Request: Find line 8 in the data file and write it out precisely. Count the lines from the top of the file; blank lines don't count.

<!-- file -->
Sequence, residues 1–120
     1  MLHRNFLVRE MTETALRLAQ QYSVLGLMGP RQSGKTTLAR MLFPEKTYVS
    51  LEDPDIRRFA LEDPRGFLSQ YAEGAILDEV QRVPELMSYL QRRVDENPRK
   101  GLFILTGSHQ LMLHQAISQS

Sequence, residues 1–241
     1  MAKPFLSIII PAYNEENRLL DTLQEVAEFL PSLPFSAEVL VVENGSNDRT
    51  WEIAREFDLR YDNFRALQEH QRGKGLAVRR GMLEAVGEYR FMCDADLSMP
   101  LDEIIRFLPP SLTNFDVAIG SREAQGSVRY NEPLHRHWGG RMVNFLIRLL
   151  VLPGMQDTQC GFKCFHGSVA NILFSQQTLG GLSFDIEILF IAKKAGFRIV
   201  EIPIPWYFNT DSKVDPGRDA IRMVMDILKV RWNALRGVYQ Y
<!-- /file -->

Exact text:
   101  LDEIIRFLPP SLTNFDVAIG SREAQGSVRY NEPLHRHWGG RMVNFLIRLL